The police investigation into an allegation of rape against the late Lord Brittan was "fully justified", even though charges were eventually dropped, a report has concluded. The report, which was conducted by another police force, said that the victim's account was "far from fanciful" – even though it was more "likely to lead to acquittal than conviction".
Brittan, a Conservative cabinet minister under Margaret Thatcher, was first investigated over a claim that he had raped a 19-year-old female student in 1967. The CPS concluded that there wasn't enough evidence to prosecute, but the Met Police reopened the case in 2014.
The peer was interviewed by police in May 2014, while suffering from terminal cancer. He died in January 2015 at the age of 75, unaware the investigation against him had been dropped.
The Metropolitan Police have been criticised in their handling of the case, and commissioner Bernard Hogan-Howe is due to apologise to the former home secretary's widow.
The review comes amidst increasing criticism of Operation Midland, a Scotland Yard investigation into nine people accused of being part of a VIP paedophile ring. Figures under investigation alongside Lord Brittan include former PM Ted Heath, Field Marshal Lord Bramall and Lord Janner, all of whom were named by a man who claimed to have been abused by them as a boy in the early 1980s.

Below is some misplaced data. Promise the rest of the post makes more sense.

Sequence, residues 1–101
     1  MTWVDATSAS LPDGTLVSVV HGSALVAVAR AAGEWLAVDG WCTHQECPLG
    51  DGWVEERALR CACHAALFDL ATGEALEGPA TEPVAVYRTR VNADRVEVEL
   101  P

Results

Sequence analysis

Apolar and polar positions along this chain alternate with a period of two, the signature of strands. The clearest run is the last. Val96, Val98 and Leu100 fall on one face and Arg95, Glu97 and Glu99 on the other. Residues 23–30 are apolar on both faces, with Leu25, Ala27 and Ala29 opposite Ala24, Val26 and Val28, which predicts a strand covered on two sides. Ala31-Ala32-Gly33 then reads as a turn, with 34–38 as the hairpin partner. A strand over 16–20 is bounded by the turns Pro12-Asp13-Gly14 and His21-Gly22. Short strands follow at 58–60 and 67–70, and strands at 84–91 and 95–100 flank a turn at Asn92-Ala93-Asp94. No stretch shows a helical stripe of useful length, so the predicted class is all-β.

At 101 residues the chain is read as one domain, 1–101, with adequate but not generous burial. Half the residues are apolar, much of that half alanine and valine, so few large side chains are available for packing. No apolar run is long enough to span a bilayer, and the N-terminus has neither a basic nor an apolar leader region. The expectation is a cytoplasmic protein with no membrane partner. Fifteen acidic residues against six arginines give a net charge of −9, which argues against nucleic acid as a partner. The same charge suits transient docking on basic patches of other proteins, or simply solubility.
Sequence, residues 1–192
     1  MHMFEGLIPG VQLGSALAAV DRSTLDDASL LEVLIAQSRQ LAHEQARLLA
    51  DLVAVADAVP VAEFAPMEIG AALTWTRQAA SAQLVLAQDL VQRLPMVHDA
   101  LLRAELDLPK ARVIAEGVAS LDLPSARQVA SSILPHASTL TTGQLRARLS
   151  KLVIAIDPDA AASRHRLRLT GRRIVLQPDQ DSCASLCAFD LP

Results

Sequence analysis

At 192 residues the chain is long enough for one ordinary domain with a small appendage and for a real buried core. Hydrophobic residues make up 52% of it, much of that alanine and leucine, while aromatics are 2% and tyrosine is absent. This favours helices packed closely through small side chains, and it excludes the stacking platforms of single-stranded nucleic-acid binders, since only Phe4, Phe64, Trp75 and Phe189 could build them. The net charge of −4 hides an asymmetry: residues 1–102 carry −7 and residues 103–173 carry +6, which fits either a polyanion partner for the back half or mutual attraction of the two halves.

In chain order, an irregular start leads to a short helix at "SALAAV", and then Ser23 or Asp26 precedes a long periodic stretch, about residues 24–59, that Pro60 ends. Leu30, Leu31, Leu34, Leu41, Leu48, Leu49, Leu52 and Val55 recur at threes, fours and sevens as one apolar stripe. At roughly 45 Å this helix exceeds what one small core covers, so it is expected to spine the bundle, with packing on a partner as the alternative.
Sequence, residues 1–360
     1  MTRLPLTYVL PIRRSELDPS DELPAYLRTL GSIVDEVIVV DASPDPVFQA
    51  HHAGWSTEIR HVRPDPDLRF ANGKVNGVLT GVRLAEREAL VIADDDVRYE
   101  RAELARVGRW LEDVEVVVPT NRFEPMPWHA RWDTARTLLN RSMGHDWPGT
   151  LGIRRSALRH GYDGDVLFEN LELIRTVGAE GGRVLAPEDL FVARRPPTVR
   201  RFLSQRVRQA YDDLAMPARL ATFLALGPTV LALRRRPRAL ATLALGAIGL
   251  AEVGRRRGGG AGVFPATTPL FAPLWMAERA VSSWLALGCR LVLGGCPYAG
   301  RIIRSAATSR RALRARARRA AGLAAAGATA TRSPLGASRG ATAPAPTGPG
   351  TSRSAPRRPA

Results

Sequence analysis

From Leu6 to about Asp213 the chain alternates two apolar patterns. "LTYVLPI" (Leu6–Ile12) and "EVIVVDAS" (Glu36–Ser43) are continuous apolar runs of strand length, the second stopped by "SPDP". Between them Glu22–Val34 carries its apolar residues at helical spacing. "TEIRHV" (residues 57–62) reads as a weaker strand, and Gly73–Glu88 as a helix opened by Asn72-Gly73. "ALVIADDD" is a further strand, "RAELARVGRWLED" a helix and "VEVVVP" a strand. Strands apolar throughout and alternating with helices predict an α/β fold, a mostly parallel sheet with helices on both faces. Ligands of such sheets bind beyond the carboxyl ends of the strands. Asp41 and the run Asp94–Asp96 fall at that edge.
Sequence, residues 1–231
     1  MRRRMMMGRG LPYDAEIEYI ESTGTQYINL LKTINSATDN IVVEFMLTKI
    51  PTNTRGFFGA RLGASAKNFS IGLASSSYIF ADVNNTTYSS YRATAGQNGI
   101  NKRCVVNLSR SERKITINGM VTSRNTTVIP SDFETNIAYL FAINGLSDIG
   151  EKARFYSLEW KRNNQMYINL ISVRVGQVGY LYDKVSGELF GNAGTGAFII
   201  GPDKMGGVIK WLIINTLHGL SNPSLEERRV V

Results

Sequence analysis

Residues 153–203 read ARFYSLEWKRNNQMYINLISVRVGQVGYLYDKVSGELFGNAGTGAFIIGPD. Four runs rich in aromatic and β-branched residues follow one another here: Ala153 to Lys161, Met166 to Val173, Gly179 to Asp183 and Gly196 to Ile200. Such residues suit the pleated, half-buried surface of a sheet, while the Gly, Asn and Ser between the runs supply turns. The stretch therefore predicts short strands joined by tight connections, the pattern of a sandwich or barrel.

Hogan-Howe is to appear before the Commons home affairs select committee to answer questions on the way Midland has been run. Lord Bramall, a 91-year-old D-Day veteran, was informed last month that no more action would be taken against him over the allegations.
The review into the case against Lord Brittan, conducted by deputy chief constable James Vaughan of Dorset Police, identified various problems with the original investigation – not least a failure to tape an interview with Lord Brittan because recording equipment broke down.